Concordia’s 10 Public Scholars wrap up the year with a multimedia event
What do an entomophagy specialist, a designer of satellite antennas and a queer film studies researcher have in common?
The Concordia Public Scholars Program was designed with the Montreal Gazette to bridge the gap between academic research and the community. It is now part of Concordia’s key initiatives to support its strategic directions, including Embrace the City, Embrace the World, for a next-generation university.
On Wednesday, April 3 from 2 to 6 p.m., “When Disciplines Converge” will blend multimedia displays, cutting-edge technology and the latest developments in the Public Scholars’ research.
“It will feel a bit like a knowledge fair and there is a big emphasis on interactivity,” says Nikola Stepić, a PhD student in the Humanities program, working between the fields of film studies, English and art history.
“We’re a group of 10 people with very different approaches to work and the dissemination of our research. I’m really looking forward to seeing what my colleagues will do.”
A varied cohort
The presentations will range from Stepić’s research on how cities contribute to the formation of sexual identity to Amir Hooshiar’s surgical robots, Maya Hey’s studies on fermentation and Laura Shine’s work on edible insects.
“I’m looking at the consumption of insects and how novel foods are promoted and normalized,” explains Shine. “Culturally, insects have such a strong connotation for most people — they’re so strongly associated to disgust, to things that are horrible. So putting them in your mouth is really intense.”
Shine adds that her space at the pop-up will be highly interactive.
“Participants will be offered tasting samples and asked to design, with a variety of craft materials, what an interesting or acceptable insect food would look and feel like.”
Stepić’s work meanwhile looks at how cities are represented in queer cinema.
“There is a way to look at architecture, at the skeleton of a city, through the prism of gender,” he says.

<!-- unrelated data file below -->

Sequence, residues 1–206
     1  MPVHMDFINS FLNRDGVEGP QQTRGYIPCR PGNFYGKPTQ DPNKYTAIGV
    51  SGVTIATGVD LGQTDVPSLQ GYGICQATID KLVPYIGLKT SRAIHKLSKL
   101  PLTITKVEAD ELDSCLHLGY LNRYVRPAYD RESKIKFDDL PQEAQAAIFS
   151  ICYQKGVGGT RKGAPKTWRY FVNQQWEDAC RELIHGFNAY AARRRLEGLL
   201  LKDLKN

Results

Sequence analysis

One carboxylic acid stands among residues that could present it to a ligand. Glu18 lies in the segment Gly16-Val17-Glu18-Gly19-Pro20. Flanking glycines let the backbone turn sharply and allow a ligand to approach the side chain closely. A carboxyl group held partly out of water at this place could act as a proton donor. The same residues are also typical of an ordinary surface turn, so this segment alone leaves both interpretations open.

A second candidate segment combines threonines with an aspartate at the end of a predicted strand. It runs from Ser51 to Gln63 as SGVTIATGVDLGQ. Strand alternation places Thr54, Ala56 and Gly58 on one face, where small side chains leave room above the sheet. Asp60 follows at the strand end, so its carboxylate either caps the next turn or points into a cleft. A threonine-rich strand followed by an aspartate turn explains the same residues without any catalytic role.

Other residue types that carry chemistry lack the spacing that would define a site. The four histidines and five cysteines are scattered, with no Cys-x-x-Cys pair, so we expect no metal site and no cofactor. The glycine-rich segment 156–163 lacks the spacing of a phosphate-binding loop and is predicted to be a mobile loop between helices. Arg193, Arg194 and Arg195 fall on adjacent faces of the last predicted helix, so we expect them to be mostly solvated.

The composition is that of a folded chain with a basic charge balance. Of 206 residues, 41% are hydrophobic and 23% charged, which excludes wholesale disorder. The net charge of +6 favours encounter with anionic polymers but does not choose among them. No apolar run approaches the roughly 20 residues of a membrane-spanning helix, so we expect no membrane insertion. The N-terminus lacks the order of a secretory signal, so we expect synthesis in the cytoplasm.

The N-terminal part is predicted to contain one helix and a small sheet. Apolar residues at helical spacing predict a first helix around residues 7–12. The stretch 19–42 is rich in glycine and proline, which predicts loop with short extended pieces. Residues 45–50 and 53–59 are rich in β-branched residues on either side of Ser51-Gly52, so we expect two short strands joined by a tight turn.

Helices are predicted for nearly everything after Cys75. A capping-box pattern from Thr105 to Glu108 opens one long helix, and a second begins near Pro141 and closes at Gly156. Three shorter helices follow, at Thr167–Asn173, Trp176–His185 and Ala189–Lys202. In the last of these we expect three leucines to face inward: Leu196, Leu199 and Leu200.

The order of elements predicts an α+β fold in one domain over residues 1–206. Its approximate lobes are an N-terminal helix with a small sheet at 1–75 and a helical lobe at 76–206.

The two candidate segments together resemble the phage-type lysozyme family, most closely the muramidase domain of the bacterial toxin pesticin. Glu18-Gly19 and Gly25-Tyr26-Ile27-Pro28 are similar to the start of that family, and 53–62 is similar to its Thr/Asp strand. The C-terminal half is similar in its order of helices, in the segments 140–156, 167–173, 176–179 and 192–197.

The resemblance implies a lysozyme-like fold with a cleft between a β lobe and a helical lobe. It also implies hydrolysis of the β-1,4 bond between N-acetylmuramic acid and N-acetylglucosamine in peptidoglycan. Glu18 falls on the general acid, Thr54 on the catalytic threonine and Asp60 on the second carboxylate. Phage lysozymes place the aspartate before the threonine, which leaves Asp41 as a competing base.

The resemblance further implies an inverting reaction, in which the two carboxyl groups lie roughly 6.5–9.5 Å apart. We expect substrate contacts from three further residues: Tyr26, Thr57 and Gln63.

“I’m interested in the city as a kind of interface of sexuality and desire — everything from bars and the different establishments that scaffold it, fashion, interior design — different ways in which sexuality can be mediated by cities in film. I’ll be screening different video materials, and I’m looking forward to meeting and discussing with fellow cinephiles.”
Benefits and challenges
Since their arrival in early 2018, the public scholars have attended a number of workshops, written articles and op-eds and engaged with the public by putting on different events.
“My experience was very informative. I really enjoyed the workshops. It was interesting to meet and work with other scholars that are from all kinds of different disciplines,” says Shine.
“It was both a benefit and a challenge. We didn’t always see things in the same way but that can be really productive and lead us to question ourselves.”
“We challenged each other to think beyond our own vernaculars,” he says. “There are a lot of moving parts to the Public Scholars Program, and it challenged us to communicate our research more clearly to people outside our own particular disciplines.”
Meet the 10 Public Scholars at “When Disciplines Converge”, on April 3 from 2 to 6 p.m. at 4TH SPACE in the J.W. McConnell Building (1400 De Maisonneuve Blvd. W.) on the Sir George Williams Campus. The event is free and open to the public.
Find out more about Concordia’s Public Scholars Program.